Your SlideShare is downloading. ×
The role of telecom operators in developing profitable customer centric cloud services
Upcoming SlideShare
Loading in...5

Thanks for flagging this SlideShare!

Oops! An error has occurred.

Saving this for later? Get the SlideShare app to save on your phone or tablet. Read anywhere, anytime – even offline.
Text the download link to your phone
Standard text messaging rates apply

The role of telecom operators in developing profitable customer centric cloud services


Published on

Cloud Asia Singapore 15 May 2013

Cloud Asia Singapore 15 May 2013

Published in: Business, Technology
  • Be the first to comment

No Downloads
Total Views
On Slideshare
From Embeds
Number of Embeds
Embeds 0
No embeds

Report content
Flagged as inappropriate Flag as inappropriate
Flag as inappropriate

Select your reason for flagging this presentation as inappropriate.

No notes for slide


  • 1. The Role of Telecom Operators in DevelopingProfitable Customer-centric Cloud ServicesCamille MendlerCamille.mendler@informa.comInforma Telecoms & MediaCloud AsiaMay 2013
  • 2. Services from…Cloud means a new role for many2EnterprisesWebI/MSP / hosterTelcosSoftwareDevicesGovernmentsCloud vending machineHardwareEveryone is becoming a cloud supplier!May 2013© Informa UK Ltd. All rights reserved.www.informatandm.comIntegrators
  • 3. Telcos aim to win a bigger slice of the ICT pie3May 2013© Informa UK Ltd. All rights reserved.www.informatandm.comThe ICT expenditure ‘pie’Maintenance& support services80% of ICT budget can migrate to network-powered clouds.Networking& PBX equipmentWirelesscommunicationsFixed voice & dataHosting & appsservicesStaff / admin(on payroll, training)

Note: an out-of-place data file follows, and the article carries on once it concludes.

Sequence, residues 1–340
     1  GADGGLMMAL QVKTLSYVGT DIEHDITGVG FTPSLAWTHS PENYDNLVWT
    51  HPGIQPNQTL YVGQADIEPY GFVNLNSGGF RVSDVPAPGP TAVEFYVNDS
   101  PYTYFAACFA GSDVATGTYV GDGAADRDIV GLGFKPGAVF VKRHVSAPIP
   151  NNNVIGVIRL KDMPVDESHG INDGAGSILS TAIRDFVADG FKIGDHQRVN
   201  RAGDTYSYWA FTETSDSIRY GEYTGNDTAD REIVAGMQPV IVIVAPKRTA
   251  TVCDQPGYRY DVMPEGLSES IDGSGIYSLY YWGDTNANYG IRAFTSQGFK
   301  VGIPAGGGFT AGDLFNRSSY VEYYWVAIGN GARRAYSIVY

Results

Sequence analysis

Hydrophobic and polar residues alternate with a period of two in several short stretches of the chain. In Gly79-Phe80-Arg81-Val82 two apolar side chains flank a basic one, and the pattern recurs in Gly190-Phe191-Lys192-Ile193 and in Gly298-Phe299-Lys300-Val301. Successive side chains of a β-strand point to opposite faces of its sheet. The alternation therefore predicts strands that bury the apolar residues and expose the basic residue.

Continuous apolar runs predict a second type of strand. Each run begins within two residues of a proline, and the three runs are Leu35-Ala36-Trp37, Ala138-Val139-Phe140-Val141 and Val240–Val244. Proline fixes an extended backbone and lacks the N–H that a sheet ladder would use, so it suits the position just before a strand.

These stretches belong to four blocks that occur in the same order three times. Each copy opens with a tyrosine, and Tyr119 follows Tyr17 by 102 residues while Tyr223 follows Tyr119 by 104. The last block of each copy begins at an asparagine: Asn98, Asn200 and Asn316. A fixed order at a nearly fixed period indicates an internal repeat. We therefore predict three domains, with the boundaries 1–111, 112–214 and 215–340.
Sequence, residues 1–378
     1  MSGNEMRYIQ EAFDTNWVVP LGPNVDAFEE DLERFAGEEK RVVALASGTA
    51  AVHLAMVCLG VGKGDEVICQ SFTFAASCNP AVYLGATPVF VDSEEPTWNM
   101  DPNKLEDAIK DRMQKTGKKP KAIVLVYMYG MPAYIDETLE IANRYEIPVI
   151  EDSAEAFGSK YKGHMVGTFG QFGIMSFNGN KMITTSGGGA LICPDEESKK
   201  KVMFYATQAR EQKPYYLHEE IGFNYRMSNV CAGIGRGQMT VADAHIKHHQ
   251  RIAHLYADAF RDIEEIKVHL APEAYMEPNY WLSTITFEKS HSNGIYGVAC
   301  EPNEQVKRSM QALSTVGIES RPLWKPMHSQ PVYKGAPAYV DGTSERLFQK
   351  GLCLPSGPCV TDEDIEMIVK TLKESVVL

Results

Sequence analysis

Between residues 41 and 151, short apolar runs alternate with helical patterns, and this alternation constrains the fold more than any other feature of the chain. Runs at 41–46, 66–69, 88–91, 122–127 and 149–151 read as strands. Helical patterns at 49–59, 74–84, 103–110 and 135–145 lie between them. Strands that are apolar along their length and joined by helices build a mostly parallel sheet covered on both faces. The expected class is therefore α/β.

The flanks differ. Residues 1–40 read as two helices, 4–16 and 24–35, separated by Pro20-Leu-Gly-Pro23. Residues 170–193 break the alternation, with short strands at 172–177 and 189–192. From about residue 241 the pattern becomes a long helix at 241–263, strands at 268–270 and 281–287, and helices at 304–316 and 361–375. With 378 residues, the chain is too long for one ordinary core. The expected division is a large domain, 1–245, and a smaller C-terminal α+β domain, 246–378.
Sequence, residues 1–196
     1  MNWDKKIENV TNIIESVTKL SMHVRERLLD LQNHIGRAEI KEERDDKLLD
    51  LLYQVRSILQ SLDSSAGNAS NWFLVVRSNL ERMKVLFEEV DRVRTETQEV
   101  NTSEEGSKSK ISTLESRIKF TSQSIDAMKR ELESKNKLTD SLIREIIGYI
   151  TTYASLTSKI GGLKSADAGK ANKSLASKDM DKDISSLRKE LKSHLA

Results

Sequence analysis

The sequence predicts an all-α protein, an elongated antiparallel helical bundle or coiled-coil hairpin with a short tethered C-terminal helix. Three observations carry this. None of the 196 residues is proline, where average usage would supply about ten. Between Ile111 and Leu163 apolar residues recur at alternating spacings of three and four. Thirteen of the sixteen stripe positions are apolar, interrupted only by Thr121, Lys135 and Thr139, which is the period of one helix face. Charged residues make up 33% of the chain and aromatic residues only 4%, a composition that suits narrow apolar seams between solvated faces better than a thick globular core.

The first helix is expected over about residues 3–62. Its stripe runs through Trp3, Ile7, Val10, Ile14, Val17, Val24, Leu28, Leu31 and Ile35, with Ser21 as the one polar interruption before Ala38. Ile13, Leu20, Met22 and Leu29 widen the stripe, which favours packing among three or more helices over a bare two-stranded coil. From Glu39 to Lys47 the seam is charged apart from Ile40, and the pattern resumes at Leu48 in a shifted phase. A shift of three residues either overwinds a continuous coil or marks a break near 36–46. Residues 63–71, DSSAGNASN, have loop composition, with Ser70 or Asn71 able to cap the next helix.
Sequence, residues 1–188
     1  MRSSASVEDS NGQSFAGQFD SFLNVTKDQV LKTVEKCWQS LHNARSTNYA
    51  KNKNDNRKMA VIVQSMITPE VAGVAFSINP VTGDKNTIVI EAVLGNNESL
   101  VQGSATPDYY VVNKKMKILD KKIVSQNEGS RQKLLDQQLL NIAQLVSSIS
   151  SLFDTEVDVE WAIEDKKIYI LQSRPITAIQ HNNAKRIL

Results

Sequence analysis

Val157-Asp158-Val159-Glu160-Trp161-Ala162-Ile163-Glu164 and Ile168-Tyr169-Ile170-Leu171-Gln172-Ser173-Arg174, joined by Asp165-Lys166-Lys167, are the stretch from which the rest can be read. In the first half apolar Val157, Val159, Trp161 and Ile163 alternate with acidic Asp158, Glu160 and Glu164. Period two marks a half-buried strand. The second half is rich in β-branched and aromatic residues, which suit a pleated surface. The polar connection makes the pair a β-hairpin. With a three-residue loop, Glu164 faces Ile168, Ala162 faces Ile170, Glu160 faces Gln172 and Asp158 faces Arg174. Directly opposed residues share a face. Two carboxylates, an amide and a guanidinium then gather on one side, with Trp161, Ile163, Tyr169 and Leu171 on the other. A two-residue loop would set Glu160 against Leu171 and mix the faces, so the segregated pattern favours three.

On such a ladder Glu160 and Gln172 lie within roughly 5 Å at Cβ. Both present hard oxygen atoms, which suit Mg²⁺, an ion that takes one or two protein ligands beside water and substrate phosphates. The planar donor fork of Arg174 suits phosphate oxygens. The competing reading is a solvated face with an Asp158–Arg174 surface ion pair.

• 4. Cloud is reinvigorating old telco norms4Connected ‘things’ converse via the cloud.May 2013© Informa UK Ltd. All rights
  • 5. There is a telco gold rush to offer cloud services5May 2013© Informa UK Ltd. All rights reserved.www.informatandm.comAsia Pacific49Eastern Europe& CIS39Western Europe63Africa10Middle East13Latin America& Caribbean20North America23ImplicationToday more than 220 telecom operators offer at least one cloudservice. Asian operators like KT, NTT and Singtel entered thecloud market early and are a leading force.CSPs* active*CSP: Communication service provider including integrated, fixed, cable, mobile operatorsSource: Informa Telecoms & Media
  • 6. Telecom operators may hold the best cards6PersonalconnectivityBrand recognitionWide areaconnectivityDatacentersDistributionSecuritycertificationsBillingWithout a network, there is no cloud.May 2013© Informa UK Ltd. All rights
  • 7. Telecom operators are driving a datacenter boom7Globally, telecom operators have over 800,000m2 under construction*x 110 x 3*Operators datacenter projects announced since 2010. Source: Informa Telecom Cloud MonitorOld Trafford Bird’s NestMore than half of this construction is happening across Asia.May 2013© Informa UK Ltd. All rights
  • 8. Example: China - some like it HohhotThe Inner Mongolian city of Hohhot is receiving US$8 billion incloud-related investment – chiefly from telecom operators.$1.8B $1.9B $1.8BPicture: Flickr/Civitas Veritas8May 2013© Informa UK Ltd. All rights
  • 9. 0 50 100 150 200 250 3002009201020112012Number of service launchesCSP cloud service launches by customer segmentConsumerSMEEnterprisePublic sectorMultiple segments9May 2013© Informa UK Ltd. All rights reserved.www.informatandm.comImplicationMore attention on consumer cloud (often freemiumstorage to tie in broadband subs), but also focus on mid-market enterprises with SaaS and IaaS.Source: Informa Telecoms & MediaNote: Includes service upgradesTelcos are launching more services
  • 10. IaaS and UC&C are the primary focus areas10May 2013© Informa UK Ltd. All rights reserved.www.informatandm.comIaaS20%Unified comms &collaboration19%Storage, backup14%Departmental apps8%Security7%Professionalservices6%Saas marketplace4%Vertical apps6%Mobile devicemgmt3%ITmanagement3%Generic businessapps3%Other7%2012: Cloud services launched by CSPsn=298 servicesSource: Informa Telecoms & MediaSurge inpublic cloudlaunches